For his next album, Scotty McCreery is ready to take his signature deep-barrel baritone down a more classically country road — because the “Feelin’ It” singer is hoping to feel a few less pop hooks and few more banjo strums in his evolving sound.
“We just had the meeting with the label and the album is a go,” McCreery tells Rolling Stone Country. “And I’m going to make a country music record. That’s what I had to try to convey to the label and they were all for it. The stuff I grew up with was that kind of music — I want to have some depth and portray a different side.”
Since he burst into public consciousness with his rendition of Josh Turner‘s “Your Man” delivered in notes so low it was as chuckle-inducing as it was impressive for a teenage kid from North Carolina, McCreery has cut a steady string of singles that mix his love of traditional Nashville with a twangy teen-appropriate gloss common to American Idol alums. But he’s hidden little hints on past records, like “Carolina Moon” from 2013’s See You Tonight, that give an indication to where he hopes to go sonically. “I have songs like that one where I have Alison Krauss doing background vocals,” he says, “and those are my favorite songs I’ve ever done. So I’ll play the game a little, but I’m going to try to stay true to what I love.” Many of McCreery’s American Idol choices reflected these roots: George Strait, Alan Jackson and Travis Tritt, among them.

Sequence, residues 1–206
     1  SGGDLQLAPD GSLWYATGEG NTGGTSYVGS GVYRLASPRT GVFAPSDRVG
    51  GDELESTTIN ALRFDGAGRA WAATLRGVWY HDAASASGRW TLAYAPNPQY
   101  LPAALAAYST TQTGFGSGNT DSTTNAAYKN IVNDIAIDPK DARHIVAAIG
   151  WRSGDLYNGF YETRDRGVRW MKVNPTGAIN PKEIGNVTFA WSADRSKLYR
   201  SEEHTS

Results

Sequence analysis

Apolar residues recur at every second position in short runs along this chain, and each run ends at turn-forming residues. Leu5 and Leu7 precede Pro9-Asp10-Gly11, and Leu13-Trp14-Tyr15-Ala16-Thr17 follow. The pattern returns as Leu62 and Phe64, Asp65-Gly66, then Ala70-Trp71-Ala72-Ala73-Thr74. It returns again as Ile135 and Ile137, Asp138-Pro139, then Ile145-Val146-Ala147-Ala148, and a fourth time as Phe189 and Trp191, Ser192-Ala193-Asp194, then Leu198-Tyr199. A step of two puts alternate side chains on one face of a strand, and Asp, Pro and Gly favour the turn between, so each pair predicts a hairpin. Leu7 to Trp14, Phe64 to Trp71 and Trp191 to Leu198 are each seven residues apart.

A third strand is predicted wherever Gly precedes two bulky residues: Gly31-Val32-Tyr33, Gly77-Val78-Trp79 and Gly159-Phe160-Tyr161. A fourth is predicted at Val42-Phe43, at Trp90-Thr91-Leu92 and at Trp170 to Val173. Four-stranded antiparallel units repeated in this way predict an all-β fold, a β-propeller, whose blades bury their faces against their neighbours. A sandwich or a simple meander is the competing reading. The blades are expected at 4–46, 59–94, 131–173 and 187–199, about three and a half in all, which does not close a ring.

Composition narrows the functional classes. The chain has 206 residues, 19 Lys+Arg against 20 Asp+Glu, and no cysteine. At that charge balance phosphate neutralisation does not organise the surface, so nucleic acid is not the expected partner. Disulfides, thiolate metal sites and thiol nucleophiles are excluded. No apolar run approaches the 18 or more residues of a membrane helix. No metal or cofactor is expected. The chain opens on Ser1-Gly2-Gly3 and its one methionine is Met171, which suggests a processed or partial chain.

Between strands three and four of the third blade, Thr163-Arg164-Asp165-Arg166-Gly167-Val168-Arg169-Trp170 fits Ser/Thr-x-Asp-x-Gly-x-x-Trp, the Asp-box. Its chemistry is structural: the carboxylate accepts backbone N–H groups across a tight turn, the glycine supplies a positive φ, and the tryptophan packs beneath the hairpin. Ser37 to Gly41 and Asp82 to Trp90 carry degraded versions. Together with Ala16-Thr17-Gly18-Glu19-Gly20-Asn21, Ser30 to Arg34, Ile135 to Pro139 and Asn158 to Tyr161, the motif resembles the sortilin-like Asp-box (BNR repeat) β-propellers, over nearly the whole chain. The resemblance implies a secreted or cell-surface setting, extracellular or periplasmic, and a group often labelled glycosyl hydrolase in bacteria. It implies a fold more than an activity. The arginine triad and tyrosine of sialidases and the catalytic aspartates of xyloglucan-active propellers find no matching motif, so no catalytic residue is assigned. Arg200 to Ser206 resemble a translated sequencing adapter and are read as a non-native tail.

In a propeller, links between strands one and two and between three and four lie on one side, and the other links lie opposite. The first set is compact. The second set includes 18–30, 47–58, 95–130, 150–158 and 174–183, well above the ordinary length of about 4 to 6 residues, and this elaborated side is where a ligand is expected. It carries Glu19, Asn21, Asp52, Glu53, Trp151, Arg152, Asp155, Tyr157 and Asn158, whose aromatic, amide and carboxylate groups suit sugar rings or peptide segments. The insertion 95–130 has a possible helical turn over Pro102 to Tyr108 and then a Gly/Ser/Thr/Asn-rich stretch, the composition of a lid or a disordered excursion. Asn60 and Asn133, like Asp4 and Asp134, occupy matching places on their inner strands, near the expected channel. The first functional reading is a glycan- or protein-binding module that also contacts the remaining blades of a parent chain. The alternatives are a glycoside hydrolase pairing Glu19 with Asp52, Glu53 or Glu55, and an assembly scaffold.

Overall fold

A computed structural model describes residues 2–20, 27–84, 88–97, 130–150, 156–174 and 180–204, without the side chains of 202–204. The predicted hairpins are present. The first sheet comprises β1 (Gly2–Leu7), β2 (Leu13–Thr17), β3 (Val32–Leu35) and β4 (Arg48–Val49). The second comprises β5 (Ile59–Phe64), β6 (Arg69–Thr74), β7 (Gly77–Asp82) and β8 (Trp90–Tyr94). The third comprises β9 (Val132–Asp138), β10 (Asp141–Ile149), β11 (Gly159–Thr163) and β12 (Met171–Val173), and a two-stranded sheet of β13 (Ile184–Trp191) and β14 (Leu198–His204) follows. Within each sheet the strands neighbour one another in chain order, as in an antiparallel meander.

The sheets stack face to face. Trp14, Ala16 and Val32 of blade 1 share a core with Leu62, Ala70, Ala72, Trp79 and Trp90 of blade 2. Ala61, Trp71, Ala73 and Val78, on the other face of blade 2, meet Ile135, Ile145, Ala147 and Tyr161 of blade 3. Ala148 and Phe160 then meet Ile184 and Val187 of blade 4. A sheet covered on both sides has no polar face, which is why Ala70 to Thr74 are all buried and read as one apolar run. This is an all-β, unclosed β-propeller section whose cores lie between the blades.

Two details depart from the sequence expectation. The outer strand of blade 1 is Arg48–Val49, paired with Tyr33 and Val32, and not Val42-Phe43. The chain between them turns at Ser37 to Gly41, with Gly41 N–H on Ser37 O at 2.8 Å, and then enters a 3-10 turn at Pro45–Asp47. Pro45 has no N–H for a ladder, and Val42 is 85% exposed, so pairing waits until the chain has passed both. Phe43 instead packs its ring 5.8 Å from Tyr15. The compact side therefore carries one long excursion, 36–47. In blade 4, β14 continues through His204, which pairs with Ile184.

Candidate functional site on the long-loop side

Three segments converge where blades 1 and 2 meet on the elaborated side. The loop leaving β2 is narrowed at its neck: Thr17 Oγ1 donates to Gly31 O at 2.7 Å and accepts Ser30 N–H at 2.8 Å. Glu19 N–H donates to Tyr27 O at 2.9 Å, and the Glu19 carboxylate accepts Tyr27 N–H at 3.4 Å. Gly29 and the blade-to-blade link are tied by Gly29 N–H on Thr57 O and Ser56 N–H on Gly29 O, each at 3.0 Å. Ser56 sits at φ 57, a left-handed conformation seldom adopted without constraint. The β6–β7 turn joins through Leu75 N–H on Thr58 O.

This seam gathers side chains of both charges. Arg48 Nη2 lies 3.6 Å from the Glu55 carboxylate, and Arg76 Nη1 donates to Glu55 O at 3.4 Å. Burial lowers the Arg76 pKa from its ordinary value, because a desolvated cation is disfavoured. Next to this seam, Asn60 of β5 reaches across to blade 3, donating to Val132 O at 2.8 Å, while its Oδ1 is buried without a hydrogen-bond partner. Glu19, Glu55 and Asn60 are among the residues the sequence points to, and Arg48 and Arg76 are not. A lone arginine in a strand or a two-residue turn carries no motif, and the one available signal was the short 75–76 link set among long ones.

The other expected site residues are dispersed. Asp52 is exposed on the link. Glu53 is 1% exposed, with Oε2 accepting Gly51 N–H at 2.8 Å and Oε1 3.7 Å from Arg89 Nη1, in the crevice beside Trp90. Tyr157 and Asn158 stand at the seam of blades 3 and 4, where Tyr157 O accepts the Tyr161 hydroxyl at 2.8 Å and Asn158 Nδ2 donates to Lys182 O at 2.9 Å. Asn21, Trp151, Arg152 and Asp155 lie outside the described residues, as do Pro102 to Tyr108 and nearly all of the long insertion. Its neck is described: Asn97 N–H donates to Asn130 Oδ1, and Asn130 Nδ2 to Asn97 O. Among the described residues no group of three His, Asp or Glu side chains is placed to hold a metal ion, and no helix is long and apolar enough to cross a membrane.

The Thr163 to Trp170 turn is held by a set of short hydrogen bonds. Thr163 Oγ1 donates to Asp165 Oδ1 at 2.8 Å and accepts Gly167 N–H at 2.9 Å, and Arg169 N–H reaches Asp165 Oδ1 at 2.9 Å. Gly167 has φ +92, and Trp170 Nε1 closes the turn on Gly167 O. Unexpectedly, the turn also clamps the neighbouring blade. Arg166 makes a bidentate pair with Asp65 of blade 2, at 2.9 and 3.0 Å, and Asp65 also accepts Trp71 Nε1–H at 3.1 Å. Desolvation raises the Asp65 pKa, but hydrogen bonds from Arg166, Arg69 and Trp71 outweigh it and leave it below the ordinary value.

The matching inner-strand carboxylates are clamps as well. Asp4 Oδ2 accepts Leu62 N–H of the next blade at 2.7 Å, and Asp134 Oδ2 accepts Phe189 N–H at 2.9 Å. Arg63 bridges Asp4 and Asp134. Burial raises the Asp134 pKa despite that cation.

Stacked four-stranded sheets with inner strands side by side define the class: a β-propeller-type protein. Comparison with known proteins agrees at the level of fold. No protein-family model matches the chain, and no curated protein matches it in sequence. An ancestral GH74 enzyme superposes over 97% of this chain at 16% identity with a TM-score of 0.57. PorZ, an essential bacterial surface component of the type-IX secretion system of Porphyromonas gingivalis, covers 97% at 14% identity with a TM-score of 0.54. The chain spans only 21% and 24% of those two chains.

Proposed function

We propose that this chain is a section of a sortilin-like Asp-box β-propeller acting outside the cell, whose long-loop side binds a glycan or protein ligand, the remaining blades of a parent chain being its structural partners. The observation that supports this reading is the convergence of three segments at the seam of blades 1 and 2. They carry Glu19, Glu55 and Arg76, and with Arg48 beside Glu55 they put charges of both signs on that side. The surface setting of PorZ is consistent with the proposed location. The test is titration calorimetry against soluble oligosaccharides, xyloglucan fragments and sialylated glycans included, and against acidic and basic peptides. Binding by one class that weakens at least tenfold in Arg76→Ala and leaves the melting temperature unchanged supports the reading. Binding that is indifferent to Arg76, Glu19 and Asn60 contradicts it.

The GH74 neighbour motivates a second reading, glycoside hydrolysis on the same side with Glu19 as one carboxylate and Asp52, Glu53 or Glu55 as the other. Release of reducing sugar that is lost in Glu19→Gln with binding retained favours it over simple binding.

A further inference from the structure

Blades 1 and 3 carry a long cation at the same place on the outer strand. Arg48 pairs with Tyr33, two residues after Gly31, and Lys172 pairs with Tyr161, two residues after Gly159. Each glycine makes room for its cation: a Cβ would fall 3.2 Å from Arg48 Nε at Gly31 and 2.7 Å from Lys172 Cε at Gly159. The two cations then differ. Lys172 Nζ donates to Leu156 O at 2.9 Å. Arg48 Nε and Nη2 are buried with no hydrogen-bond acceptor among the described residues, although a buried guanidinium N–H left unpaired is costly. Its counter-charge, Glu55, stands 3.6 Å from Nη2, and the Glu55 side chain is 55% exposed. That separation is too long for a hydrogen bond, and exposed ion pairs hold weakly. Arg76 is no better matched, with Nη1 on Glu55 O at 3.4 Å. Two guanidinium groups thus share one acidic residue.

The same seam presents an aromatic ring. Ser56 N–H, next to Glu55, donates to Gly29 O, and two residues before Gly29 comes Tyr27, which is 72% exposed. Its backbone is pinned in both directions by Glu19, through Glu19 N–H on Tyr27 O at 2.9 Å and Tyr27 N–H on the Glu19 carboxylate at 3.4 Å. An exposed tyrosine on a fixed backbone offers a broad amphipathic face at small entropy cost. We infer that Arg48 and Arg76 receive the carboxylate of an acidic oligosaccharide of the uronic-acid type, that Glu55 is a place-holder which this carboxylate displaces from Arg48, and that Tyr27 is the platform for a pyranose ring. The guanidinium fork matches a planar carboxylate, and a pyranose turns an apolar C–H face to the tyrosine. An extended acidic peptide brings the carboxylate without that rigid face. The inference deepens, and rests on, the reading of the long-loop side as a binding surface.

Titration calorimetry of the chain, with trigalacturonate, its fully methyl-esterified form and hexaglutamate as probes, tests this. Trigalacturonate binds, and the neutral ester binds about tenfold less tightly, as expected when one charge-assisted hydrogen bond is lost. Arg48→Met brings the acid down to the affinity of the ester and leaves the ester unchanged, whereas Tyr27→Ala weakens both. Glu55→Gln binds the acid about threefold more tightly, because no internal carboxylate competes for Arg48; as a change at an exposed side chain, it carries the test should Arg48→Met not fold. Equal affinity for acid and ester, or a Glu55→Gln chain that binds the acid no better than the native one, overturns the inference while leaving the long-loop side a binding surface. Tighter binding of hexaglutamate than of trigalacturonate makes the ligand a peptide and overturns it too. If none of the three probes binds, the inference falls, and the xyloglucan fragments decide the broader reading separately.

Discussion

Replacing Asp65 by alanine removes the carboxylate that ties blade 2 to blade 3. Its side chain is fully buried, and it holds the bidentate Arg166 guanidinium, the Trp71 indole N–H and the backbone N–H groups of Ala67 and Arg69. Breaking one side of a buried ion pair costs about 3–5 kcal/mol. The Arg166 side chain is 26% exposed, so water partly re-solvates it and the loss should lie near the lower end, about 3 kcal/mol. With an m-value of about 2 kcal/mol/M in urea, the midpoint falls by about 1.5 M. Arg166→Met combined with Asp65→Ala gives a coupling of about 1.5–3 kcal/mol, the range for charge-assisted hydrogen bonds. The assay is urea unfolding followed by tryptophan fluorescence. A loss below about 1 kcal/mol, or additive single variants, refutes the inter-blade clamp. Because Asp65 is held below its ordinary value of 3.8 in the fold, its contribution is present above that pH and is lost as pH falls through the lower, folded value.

McCreery is heading into studio this month in Nashville, and his next single will be from the forthcoming record, expected in the third or fourth quarter of 2015. Another difference this go-round? McCreery is planning on co-writing many of the tracks himself. “I love songwriting, it’s a way to explore what’s going on upstairs,” he says, a practice he’s honed just by surrounding himself with Nashville’s top names in the craft, like Ashley Gorley, Ross Copperman and busbee. “These writers are the world’s best, and I just try to pick up little things they do. Most of the time, it starts with a guitar.”
After a mixed reception to See You Tonight, which failed to reach the platinum numbers of his 2011 debut, Clear as Day, McCreery’s ready to focus more on the music and less on the constant demands of pleasing radio. “We’re going to try and make an album — we’re not looking for a quick single,” he says in that unmistakable tone. “Honestly, we’re starting at ground zero.”